This is why when I get a lead from my advertisements or from online or a referral from a prior client, I do what I can to give what ever so called "buyer's agent" who is a friend of a friend's uncle, the boot! Then I bring in my Buyer Agents, who are schooled in how to do their job...by me!
You freaked me out with the beginning there. Glad you went where you went. The listing agent represents the SELLER. So yes, use a buyers agent if you’re trying to get a deal! The listing agent might make you think they’re judging for you but a buyers agent is there to represent you. That’s the whole point!
Sincerely, an agent.
If someone feels they can get a better deal by working with the Listing Agent only, negotiate your best deal, THEN ask for the listing agent to rebate 3% that would have otherwise gone to a buyer's agent.
Facts are, generally, not always, but generally, the myth of getting a better deal by not having a Buyer's Agent is a flawed strategy here in 2018.
As a Florida Mortgage Broker, I see this all the time and can usually reason with the buyers to use on of my buyer agents. However, there are always the "know-it-all" 2005 mindset buyers who because they "Think" they got a deal one time or because they have purchased a few houses in the past, refuse to listen to good advice and take off full speed running out on the iced over lake and....
Sometimes it works when the listing agent is competent and is looking to deal. In my experience they know the market value and will sometimes leave money on the table in order to get a deal done.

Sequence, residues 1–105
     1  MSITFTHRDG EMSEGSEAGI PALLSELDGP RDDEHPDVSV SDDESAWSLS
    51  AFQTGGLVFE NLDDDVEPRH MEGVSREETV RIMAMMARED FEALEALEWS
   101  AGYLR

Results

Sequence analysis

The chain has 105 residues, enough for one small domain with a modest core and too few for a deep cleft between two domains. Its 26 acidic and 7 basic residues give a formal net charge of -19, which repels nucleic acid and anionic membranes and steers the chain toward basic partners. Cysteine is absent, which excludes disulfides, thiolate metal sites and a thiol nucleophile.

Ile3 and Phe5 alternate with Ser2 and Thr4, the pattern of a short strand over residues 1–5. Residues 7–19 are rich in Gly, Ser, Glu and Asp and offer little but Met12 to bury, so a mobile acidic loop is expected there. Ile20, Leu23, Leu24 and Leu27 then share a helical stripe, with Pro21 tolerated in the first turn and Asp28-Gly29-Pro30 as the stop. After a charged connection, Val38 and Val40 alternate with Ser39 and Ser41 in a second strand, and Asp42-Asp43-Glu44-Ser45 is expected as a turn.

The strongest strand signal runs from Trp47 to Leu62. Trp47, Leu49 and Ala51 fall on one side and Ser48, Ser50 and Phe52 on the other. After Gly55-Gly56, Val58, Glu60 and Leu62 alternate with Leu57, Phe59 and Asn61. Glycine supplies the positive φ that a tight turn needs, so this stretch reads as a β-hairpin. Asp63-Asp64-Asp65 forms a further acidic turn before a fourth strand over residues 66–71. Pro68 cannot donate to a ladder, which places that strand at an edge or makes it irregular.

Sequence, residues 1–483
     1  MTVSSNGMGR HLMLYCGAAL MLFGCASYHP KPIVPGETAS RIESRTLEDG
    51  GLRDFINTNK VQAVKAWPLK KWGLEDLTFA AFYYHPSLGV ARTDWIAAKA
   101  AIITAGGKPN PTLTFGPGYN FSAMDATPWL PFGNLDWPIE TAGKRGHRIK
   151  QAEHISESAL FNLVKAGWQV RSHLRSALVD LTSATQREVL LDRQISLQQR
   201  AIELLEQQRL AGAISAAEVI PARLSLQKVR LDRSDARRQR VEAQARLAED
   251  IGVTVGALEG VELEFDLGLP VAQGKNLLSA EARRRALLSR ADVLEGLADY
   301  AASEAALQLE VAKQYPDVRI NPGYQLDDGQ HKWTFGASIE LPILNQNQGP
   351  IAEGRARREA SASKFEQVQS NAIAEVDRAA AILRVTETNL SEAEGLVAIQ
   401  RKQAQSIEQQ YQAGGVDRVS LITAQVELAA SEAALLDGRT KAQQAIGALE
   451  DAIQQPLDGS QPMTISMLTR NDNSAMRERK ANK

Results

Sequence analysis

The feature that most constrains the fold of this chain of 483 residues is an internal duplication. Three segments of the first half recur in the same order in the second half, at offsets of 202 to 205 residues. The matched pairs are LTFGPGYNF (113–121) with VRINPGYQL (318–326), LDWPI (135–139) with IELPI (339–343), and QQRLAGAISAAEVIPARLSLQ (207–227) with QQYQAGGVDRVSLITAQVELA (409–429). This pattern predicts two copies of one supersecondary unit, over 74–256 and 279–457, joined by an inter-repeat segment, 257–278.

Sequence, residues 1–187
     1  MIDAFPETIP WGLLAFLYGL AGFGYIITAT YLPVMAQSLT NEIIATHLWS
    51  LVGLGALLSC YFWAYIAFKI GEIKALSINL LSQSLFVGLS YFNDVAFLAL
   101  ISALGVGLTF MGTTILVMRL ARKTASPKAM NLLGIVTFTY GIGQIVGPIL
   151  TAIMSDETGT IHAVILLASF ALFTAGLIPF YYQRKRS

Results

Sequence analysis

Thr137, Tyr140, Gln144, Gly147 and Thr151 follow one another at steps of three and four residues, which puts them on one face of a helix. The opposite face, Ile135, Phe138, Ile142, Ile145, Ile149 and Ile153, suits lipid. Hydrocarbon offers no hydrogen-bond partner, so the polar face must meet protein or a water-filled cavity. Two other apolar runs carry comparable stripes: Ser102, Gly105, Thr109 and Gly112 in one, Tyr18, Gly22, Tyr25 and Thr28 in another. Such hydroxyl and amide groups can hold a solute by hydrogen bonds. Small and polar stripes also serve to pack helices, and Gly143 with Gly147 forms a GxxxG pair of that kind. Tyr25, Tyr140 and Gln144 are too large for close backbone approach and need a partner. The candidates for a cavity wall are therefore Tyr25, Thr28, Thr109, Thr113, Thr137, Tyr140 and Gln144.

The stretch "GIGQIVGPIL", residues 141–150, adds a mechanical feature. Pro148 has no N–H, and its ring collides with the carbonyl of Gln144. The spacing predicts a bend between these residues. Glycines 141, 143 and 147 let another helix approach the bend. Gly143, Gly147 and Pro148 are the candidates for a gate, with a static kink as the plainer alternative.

On other occasions I tried dealing with licensed agents who had no clue what they were doing and just threw some properties up on the MLS or on a private wholesale sheet. It took my buyer's agent and a genius title agent to close the deal because the original contracts were not written properly and a whole slew of other issues such as lack of communication.
It's hit or miss. There are a lot of bad agents out there who are better suited to making fries or cleaning toilets. You can try it on your own, but if you make a lot of deals in a fast market, sometimes you miss out on a deal and the market passes you by.
A few thoughts....Many builders actually have a policy to not negotiate price with a member of the general public, while they will negotiate with agents.
Also in terms of a resale and lowering the price to compensate for no buyer agent.....this is called a Variable Rate Commission. In every MLS I am a part of, a Variable Rate Commission must be agreed to in the listing agreement, and it must be disclosed in the MLS. If an agent partakes in this activity and has not disclosed it ahead of time, they can be subject to punishments by their MLS and board. I dont know if this is the case everywhere, but it is everywhere I do business which is across half a dozen states.
If I'm going to make an aggressively low offer, which one has the better chance of getting accepted - the one via a buyer's agent where the seller pays a 6% commission, or the one through the listing agent where they have the ability to credit some of that commission back to the seller in order to make the offer more palatable? Yes, a listing agent represents the seller, but they also have some personal incentive to get a deal put together. Plus, what is more appealing to a listing agent - their 3% LOC alone, or maybe 4% for getting a portion of both sides?
@Russell Brazil makes a good point about some markets having association rules on variable rate commissions - a good reminder that investors should try to learn the specific rules/practices in their market. I would add that those rules are in place to serve agents, rather than the buyers and sellers those agents represent.